Who will come to your Convention?

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General Guest Information

Policy statement from Richard Scriven

Who your guest is and how much they cost directly effect the entire convention.

  • A big guest has big costs and bigger expectations with potentially bigger revenue, but bigger risk!
  • A big guest does not always guarantee more members! Most members will come from your traditional membership base whoever you have as a guest.
  • The guest(s) should have a good track record as a performer at conventions. Steven Hawking, great guest, bad on panels!

Recent experience shows that a big name guest does not necessarily pull extra members, but a popular guest inside the current membership base will increase participation.

Other thoughts, from other people

  • Overseas or Australian guests? For the cost of one overseas guest, you can get more than one Australian guest, maybe 4 or 5. When you have a number of guests, they will each have a good contribution to make to a few panels, and this can give you a huge starting point in your programming.
  • One of the things you need to consider when choosing your guest is what you want from them.
    • Do you REALLY want a BIG name to bring in the crowds and all those fat wads of cash? (And can you guarantee that anyway?) Or perhaps you want a guest who will be entertaining and good value for money?
    • Do you want a guest who will be accessible to the general fan community or someone who will only turn up for scheduled events and then hang out at the bar, with the committee, for the duration of their stay?
  • Obviously you want an entertaining guest who will be accessible to as many fans as possible, but how do you find out what an author is like beforehand? Ask. There are many people around who have contacts, and now anyone can use the internet! Ask previous guests! They have the best idea of what sort of con a Swancon is, and who would fit in!
  • Another commercial consideration is the possibility of getting extra funding or publicity from the author's Australian publisher - unlikely if the author has no books in print in Australia at the time of the con (this can also make signing sessions nasty, brutish and short).
  • An author who's also been an editor, or written for comics or TV or film, can be good value; they can bring in more media fans as well as book fans. Examples to come to mind are Nancy Collins, Garnder Dozois, Mike Resnick, Joe Landsdale, Alan Moore.
  • Most other media guests - actors, directors, etc. - tend to be expensive and unreliable.
  • Other suggestions: Jack Dann (author/editor, frequent collaborator, now lives in Melbourne, good as No.2 Guest) Dan Simmons, Tim Powers, Connie Willis, Pat Murphy
  • Go to Specialist bookstores and find out whose books people are buying.

Cost of Guests

  • Transport
  • Accommodation
  • Expenses
  • Appearance fees

WA conventions have in the past offered the following conditions to overseas guests :-

  • We pay return transport from place of residence to the convention by economy airfare
  • accommodation for the duration of the con
  • reasonable expenses

We have not paid appearance fees in the past and do not believe that it is affordable for WA conventions. Reasonable expenses cover the cost of meals. Can be anywhere from $50-$80 a day. Can be done by reimbursing their receipted expenses (awkward) or by making an agreed upfront cash payment - easy to manage, but may cost you more or less, depending on guest expenses. Reasonable expenses do NOT include overseas phone calls, room service, alcohol (other than with meals), drugs and other pleasures, etc...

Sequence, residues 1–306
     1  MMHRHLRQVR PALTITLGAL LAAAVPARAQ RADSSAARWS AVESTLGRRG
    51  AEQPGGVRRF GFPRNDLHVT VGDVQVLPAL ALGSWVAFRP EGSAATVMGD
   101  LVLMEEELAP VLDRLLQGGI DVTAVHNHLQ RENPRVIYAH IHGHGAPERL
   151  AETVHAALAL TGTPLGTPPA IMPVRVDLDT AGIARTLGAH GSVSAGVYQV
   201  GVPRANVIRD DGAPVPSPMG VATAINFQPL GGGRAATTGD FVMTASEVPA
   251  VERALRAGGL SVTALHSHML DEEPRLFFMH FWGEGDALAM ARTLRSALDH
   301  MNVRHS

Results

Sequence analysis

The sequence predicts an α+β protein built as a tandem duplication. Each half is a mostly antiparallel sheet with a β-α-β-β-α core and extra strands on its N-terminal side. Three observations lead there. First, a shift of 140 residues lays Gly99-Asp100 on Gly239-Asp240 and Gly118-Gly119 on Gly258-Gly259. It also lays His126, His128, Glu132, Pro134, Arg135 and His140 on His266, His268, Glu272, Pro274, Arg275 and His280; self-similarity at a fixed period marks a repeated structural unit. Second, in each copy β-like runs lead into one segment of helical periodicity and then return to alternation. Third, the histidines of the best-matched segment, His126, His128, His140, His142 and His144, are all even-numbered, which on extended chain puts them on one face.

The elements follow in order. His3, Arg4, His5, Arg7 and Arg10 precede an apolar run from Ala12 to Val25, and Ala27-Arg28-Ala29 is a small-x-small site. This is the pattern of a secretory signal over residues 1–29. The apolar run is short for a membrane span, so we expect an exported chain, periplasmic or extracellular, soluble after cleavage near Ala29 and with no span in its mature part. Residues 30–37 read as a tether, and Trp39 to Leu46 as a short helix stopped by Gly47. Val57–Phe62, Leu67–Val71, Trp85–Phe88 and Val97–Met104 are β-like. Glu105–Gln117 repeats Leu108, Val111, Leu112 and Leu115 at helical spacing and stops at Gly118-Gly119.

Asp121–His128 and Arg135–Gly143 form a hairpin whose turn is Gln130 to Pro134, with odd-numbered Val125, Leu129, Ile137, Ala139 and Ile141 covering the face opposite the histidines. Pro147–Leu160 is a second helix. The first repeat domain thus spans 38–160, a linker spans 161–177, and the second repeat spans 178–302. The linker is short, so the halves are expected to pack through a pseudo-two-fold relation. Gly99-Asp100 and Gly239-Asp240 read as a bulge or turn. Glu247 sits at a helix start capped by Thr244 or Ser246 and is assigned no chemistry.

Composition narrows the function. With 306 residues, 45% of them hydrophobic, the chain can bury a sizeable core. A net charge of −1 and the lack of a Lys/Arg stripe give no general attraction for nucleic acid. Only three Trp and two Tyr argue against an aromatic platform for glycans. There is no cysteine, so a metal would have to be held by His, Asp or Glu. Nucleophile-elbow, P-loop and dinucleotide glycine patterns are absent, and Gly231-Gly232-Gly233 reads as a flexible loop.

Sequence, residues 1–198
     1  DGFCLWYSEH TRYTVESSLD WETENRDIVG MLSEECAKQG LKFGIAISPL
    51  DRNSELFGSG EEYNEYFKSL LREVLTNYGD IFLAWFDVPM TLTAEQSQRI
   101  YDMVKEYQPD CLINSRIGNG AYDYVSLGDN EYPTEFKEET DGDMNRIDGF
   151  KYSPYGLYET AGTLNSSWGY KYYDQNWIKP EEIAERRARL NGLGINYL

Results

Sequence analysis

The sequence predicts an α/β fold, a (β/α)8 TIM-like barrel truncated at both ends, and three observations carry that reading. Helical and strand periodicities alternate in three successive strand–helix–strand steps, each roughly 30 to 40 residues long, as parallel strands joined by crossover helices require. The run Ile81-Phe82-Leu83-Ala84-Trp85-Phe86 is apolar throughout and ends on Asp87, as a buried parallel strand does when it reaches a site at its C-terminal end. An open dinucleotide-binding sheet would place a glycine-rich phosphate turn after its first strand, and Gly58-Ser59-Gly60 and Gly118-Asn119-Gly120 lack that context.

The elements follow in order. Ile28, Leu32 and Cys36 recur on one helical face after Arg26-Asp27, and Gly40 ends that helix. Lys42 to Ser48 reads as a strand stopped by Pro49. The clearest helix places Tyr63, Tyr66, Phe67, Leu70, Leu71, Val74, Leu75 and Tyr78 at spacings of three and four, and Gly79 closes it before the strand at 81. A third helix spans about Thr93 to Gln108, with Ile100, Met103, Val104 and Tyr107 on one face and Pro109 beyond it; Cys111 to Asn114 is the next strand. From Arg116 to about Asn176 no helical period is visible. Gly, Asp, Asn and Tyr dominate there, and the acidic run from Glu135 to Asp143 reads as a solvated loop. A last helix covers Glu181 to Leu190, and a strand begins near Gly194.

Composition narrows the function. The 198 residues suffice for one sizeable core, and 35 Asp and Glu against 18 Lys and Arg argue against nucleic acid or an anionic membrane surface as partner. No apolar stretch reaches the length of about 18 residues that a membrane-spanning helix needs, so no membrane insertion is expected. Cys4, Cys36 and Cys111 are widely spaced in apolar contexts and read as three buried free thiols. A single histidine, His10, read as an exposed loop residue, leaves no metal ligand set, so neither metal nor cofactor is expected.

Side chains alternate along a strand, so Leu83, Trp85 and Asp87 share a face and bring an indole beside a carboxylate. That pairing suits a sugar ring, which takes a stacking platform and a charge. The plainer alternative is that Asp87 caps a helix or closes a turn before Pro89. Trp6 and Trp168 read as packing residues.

Airfares are the best deal that the con can make with the agreement of the guest. Always budget on a good to excellent airline for your cost! Always look for cheap airfares/specials with the same. Majority of guests prefer to have the money and make their own arrangements. But only to the amount of the best airfare you would really fly them on!

Guest Liaison

All guests need a liaison, even if only a part time person. 'Fans' are not necessarily good for guest liaison. Knowledge of their work may be an asset, but is not necessary. Liaison does not mean you have to be with the guest at all times. You are the contact point for the guest, and if you spend too much time with them, it may reduce your effectiveness as a contact between the guest and the rest of WA. Guest liaison is not a single person job. It requires assistants.

Provide maps of area for any guests who are not from WA.

1.Before the convention. Before the guest arrives! Responsible for corresponding with the guest. This is where it should be made clear that WA conventions are different, in that they really are happy to have the guest on whatever panels they would like to be on. Guest liaison needs to find out what the guest wants to do in WA besides convention. If they haven't been to Australia, they will want to see - bush and animals. So if they are not in WA before or after the con, make this one trip! The guest liaison should act as liaison between the guest and their publisher in WA in dealing with publicity.

2.Duties at the convention

  • Make sure the guests get to all their items on time.
  • Make sure the guests are not hassled by people.
  • Make sure the guests are aware of all the things they are involved in.